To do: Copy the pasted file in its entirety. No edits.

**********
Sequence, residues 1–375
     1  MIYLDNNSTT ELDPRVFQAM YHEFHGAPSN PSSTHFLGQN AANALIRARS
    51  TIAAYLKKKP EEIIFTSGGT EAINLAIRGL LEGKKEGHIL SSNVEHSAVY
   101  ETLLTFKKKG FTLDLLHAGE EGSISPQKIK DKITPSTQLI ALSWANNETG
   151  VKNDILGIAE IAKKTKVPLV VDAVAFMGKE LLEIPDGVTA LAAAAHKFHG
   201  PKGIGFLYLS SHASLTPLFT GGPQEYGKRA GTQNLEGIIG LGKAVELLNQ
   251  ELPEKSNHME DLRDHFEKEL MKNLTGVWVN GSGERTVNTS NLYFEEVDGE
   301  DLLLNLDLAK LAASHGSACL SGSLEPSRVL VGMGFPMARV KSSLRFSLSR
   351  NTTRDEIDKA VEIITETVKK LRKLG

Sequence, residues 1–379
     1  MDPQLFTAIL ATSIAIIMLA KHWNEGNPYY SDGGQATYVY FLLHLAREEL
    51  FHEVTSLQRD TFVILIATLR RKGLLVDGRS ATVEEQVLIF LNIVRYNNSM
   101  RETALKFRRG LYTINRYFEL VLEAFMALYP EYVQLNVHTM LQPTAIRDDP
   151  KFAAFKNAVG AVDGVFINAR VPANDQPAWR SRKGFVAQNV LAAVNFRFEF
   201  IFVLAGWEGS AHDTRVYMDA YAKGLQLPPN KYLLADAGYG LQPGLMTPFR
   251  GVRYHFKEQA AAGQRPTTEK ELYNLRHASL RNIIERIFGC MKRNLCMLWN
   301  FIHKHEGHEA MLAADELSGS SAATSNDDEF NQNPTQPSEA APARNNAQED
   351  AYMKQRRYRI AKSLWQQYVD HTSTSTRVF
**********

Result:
Sequence, residues 1–375
     1  MIYLDNNSTT ELDPRVFQAM YHEFHGAPSN PSSTHFLGQN AANALIRARS
    51  TIAAYLKKKP EEIIFTSGGT EAINLAIRGL LEGKKEGHIL SSNVEHSAVY
   101  ETLLTFKKKG FTLDLLHAGE EGSISPQKIK DKITPSTQLI ALSWANNETG
   151  VKNDILGIAE IAKKTKVPLV VDAVAFMGKE LLEIPDGVTA LAAAAHKFHG
   201  PKGIGFLYLS SHASLTPLFT GGPQEYGKRA GTQNLEGIIG LGKAVELLNQ
   251  ELPEKSNHME DLRDHFEKEL MKNLTGVWVN GSGERTVNTS NLYFEEVDGE
   301  DLLLNLDLAK LAASHGSACL SGSLEPSRVL VGMGFPMARV KSSLRFSLSR
   351  NTTRDEIDKA VEIITETVKK LRKLG

Sequence, residues 1–379
     1  MDPQLFTAIL ATSIAIIMLA KHWNEGNPYY SDGGQATYVY FLLHLAREEL
    51  FHEVTSLQRD TFVILIATLR RKGLLVDGRS ATVEEQVLIF LNIVRYNNSM
   101  RETALKFRRG LYTINRYFEL VLEAFMALYP EYVQLNVHTM LQPTAIRDDP
   151  KFAAFKNAVG AVDGVFINAR VPANDQPAWR SRKGFVAQNV LAAVNFRFEF
   201  IFVLAGWEGS AHDTRVYMDA YAKGLQLPPN KYLLADAGYG LQPGLMTPFR
   251  GVRYHFKEQA AAGQRPTTEK ELYNLRHASL RNIIERIFGC MKRNLCMLWN
   301  FIHKHEGHEA MLAADELSGS SAATSNDDEF NQNPTQPSEA APARNNAQED
   351  AYMKQRRYRI AKSLWQQYVD HTSTSTRVF